Students will work in fisheries or aquaculture summer jobs between their first and second year. Assistance in finding jobs is provided by VIU Faculty and staff, and students will receive credit for the summer practicum courses on completion of required written reports and oral presentation. There is also a co-operative education option that provides additional work experience.

In the second year, students are exposed to more advanced and specialized topics in fisheries and aquaculture. These include engineering courses for both fisheries (hydrology with a stream surveying component) and aquaculture (e.g., hydraulics and hatchery design), as well as special courses in aquaculture. There is a special field course on practical limnology in which students work and live, for a week, on the shores of a remote lake under flycamp conditions. Both the second-year weekly practicum and project courses may be designed by the student to emphasize areas of special interest.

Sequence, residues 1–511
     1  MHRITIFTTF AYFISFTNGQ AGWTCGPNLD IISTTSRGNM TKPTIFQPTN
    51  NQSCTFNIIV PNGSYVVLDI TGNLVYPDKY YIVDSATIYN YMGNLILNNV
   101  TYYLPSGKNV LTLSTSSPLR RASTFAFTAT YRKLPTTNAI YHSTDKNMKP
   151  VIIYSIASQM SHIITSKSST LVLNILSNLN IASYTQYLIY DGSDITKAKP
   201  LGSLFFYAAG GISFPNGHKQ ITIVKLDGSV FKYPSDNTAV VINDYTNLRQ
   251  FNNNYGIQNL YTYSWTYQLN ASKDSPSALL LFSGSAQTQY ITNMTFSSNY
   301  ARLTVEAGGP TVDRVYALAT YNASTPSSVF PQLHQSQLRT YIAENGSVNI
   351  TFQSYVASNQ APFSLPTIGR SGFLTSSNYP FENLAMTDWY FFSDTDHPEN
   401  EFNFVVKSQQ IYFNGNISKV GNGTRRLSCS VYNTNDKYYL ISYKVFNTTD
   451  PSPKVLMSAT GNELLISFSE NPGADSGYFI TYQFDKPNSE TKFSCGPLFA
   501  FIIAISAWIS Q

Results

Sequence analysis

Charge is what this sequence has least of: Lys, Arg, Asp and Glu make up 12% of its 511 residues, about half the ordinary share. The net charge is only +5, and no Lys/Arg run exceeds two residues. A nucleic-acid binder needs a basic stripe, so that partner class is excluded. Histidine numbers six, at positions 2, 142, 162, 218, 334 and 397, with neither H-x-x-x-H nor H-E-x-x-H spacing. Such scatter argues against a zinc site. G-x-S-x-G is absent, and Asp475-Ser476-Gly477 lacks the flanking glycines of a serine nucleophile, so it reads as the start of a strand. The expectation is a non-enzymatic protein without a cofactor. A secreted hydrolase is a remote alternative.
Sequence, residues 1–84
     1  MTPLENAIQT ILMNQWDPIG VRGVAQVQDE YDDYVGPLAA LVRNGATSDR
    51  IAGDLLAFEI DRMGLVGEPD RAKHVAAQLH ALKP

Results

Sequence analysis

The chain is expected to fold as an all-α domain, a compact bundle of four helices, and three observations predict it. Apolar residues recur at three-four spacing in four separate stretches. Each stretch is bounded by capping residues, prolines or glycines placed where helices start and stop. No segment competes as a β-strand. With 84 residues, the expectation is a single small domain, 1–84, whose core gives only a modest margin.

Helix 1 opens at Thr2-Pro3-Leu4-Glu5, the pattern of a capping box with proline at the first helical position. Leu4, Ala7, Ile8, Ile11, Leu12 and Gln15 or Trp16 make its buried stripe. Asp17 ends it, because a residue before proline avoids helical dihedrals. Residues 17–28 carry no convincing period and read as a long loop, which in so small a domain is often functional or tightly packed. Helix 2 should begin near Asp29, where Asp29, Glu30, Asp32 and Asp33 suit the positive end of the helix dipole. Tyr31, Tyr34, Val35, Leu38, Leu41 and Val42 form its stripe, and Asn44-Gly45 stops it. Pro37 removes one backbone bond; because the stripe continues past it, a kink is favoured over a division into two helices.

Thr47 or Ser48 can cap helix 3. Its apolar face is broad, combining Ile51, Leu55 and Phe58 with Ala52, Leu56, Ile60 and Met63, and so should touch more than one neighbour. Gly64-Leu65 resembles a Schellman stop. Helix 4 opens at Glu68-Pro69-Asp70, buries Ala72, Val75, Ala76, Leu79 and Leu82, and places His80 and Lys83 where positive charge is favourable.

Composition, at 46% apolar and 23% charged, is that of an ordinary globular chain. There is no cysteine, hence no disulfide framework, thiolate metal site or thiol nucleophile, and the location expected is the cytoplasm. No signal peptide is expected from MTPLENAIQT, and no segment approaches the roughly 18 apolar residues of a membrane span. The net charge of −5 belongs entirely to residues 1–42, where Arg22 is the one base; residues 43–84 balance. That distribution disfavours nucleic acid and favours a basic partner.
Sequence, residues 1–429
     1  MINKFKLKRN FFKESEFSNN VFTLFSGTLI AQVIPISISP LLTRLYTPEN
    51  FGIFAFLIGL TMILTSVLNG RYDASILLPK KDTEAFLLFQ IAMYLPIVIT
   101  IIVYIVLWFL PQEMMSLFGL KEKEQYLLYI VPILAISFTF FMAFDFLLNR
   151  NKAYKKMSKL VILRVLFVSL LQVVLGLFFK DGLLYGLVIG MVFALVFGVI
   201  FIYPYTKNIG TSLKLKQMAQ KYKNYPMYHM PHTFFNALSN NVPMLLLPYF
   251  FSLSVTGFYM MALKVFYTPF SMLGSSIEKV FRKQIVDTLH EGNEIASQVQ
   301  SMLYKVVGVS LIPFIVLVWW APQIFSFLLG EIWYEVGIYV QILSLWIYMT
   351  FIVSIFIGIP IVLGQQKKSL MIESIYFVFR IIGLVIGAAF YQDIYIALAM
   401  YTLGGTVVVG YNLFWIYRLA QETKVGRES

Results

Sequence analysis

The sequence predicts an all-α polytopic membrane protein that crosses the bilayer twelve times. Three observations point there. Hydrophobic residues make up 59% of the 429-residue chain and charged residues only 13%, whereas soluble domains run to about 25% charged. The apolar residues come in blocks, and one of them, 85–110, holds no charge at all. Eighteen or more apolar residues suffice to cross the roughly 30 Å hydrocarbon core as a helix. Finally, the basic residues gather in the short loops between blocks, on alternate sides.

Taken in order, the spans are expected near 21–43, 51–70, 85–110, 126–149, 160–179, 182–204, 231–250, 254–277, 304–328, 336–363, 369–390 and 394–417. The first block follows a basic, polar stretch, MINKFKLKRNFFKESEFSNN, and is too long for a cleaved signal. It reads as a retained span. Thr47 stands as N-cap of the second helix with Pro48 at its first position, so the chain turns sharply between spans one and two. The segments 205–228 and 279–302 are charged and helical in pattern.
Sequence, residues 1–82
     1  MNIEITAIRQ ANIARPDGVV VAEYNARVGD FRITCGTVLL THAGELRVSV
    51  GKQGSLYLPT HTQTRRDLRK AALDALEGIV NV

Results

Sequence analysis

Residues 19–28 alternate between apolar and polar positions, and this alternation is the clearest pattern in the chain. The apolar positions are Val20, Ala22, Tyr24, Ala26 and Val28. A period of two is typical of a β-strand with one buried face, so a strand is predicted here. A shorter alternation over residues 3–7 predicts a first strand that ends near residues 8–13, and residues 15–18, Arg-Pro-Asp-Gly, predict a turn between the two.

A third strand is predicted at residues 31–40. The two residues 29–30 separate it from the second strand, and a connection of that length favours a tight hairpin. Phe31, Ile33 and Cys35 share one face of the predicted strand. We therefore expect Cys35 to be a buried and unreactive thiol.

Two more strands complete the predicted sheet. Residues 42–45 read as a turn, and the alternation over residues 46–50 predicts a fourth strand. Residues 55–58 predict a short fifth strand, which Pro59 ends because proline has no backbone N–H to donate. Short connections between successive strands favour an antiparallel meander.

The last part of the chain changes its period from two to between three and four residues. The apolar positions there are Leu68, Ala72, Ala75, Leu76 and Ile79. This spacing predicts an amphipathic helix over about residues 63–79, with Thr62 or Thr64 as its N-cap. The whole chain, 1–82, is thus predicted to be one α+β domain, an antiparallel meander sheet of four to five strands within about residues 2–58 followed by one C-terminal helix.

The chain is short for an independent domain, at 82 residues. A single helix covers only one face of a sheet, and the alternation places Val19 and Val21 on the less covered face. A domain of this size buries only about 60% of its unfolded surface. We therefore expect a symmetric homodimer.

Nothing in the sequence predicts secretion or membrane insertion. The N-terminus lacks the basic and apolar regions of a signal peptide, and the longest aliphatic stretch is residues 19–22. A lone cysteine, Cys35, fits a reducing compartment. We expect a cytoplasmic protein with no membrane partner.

The program is limited to a maximum of 26 full-time students per year, of which 14 can be co-operative education students. The one-year program is a limited-entry option for university graduates with degrees in biology, zoology or related sciences. In this case, students complete the requirements for the diploma in one year, plus one summer practicum (see below for admission requirements).

Students wishing to take the program on a part-time basis, or wishing to attend single courses may do so, although if space is limited, which is often the case, preference may be given to full-time students.